In Latvia, no more than 14 t ha−1 of dry matter may be incorporated at a time with sludge or compost. This corresponds to 55 t ha−1 of naturally moist sludge with a dry matter content of about 25% [106]. For 18 years, the concentration of heavy metals in Jelgava SS has significantly decreased. Similar trends have been observed in other treatment plants and this shows that heavy metals are no longer the most important limiting factor for the use of SS.

Wastewater can transport plastics from many different sources, such as fibers from washing machines, personal care products, and facial scrubs. WWTP efficiently removes the microplastics (MPs) from the wastewater, essentially trapping the particles in the sludge [107, 108]. Studies of Peterson [76] showed that 9 years of repeated sludge application led to the accumulation of MPs in the soil. According to various studies, MPs pose various negative effects on soil ecosystems, such as affecting soil fertility, soil organisms’ fitness, soil texture, and decreasing crop yield [109, 110].

Pignattelli et al. [111] highlighted the toxicity caused by small MPs (PP, PE, and PVC) on the growth of garden cress (Lepidium sativum). Hernández-Arenas et al. [112] studied the effect of MPs in sludge on the growth of tomato plants and discovered that plants grown in soils treated with sludge with a high concentration of MPs had the lowest biomass and did not produce any fruits during the experiment.

Domestic SS is a major source of pharmaceuticals, drugs, and antibiotic resistance genes, so it is important to ensure its biodegradation during sludge treatment. Drugs can remain in the sludge even after stabilization (dewatering), due to their high sorption capacity [113]. Ivanová et al. [114] discovered more than 100 types of drugs and their metabolites in SS. The amount and type of antibiotics in wastewater affect also the composition of bacteria [115].

Pharmaceutical substances are subject to thermal decomposition over a wide temperature range; therefore, it is possible to expect a reduction in the content or their complete removal during thermal processes [116]. Szabová et al. [117] achieved almost 100% drug removal in the sludge by heat treatment at 250°C and incineration at 550°C. Furthermore, pyrolysis at 350–500°C is able to decrease the concentration of MPs in sludge by more than 99% [118].

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9. Future direction, challenges, and scope of sewage sludge as a soil fertilizer

The efficient use of waste-derived fertilizers in agriculture needs more empirical knowledge on markets with further research focused on variability, interactivity, and uncertainty. The site-specific factors (e.g., applied technology, quantity, and the origin of raw wastewater differed by the composition of macro- and microelements and risk compounds, soil types, and crops) make each SS unique, hence this specificity must be considered to predict the outcome of SS treatment. New efficient technologies for onsite sludge disinfection are necessary and urgent. Interdisciplinary activities on the safe use of SS upon treatment and application need to be thoroughly analyzed and developed, for example, planning, servicing, diagnosing, storing, and others. Furthermore, macroeconomic factors can considerably influence technology stocks. Soaring gas prices directly affected the production of synthetic fertilizers costs. High prices as well as the disruption of transport and production logistics lead to a real threat of a dramatic reduction in supply on the mineral fertilizers market. Combined with higher prices, an increase in demand for less volatile organic fertilizers can be expected.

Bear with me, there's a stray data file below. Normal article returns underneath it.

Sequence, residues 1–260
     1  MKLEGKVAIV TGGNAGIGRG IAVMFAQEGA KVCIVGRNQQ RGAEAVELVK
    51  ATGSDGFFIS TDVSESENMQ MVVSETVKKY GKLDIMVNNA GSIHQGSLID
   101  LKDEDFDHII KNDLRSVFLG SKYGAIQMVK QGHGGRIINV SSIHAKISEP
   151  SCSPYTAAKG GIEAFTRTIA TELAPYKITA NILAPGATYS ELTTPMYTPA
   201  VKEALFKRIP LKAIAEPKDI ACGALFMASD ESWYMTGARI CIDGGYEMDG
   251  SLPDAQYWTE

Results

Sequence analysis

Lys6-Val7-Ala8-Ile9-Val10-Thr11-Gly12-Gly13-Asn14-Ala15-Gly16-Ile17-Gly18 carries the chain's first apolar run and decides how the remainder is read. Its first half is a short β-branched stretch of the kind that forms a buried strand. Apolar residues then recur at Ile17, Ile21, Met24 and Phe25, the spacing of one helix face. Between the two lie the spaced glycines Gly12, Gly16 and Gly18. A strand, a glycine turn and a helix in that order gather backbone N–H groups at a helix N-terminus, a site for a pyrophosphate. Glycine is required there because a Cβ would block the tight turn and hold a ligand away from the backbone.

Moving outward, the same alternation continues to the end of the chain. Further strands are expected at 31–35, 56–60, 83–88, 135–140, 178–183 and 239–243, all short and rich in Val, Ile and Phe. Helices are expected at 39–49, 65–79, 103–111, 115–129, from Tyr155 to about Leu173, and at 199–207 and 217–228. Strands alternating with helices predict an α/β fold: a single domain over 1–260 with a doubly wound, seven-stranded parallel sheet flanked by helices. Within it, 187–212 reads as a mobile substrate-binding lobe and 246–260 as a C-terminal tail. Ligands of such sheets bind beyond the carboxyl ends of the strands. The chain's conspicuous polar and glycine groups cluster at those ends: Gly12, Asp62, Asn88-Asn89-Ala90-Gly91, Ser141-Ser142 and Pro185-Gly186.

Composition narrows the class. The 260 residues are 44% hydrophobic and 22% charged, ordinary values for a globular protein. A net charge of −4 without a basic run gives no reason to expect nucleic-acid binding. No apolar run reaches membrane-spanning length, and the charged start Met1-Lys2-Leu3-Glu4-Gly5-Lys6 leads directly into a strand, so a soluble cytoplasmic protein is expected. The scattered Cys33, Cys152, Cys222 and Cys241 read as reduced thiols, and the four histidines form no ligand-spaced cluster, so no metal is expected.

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10. Conclusions

Summarizing our experimental data on optimization of SS treatment and its application in agriculture, as well as recent findings of other authors in this field, the following conclusions were drawn:

The technology, which was newly developed by Earth Revival Ltd., offers an innovative and comprehensive solution to the problem of SS disposal and soil degradation, which includes aspects of agriculture, healthcare, epidemics, ecology, economics, and the social sphere. Costs can be recuperated through sludge treatment service fees and fertilizer sales.

The infrared heating system, used for SS disinfection, has shown consistently successful results. For the material with a humidity of 80%, it took 15 min, considering the heating time of the layer to 95°C, which is below the temperature of the organic matter decomposition. Research and experiments related to the neutralization of the spore-forming bacteria are planned to be realized in the next stage of the project.

The technology (SS transportation system, maturation process) can be used for fast, safe, and efficient SS processing into organic fertilizer. It also combines well with the anaerobic digestion process as it can complete the digestive sludge transformation to a huge quality fertilizer.

Sewage sludge can replace mineral fertilizers in crop production. Attention should be paid to the amount and ratio of mineral elements available to the plant during plant growth. Sewage sludge may not fully provide plants with potassium and phosphorus. Sewage sludge is recommended for plants with a longer vegetation period due to the slow release of nutrients. A phytotoxic effect may occur during seed germination.

Acknowledgments

This research is being conducted based on agreement with SIA “ETKC” (Centre of Competence for Energy and Transportation) within the framework of project Nr.1.2.1.1/18/A/001 co-funded by the European Regional Development Fund.

Conflict of interest

The authors declare that they have no known competing financial interests or personal relationships that could have appeared to influence the work reported in this paper.

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Written By

Olga Muter, Laila Dubova, Oleg Kassien, Jana Cakane and Ina Alsina

Submitted: January 4th, 2022Reviewed: March 4th, 2022Published: April 20th, 2022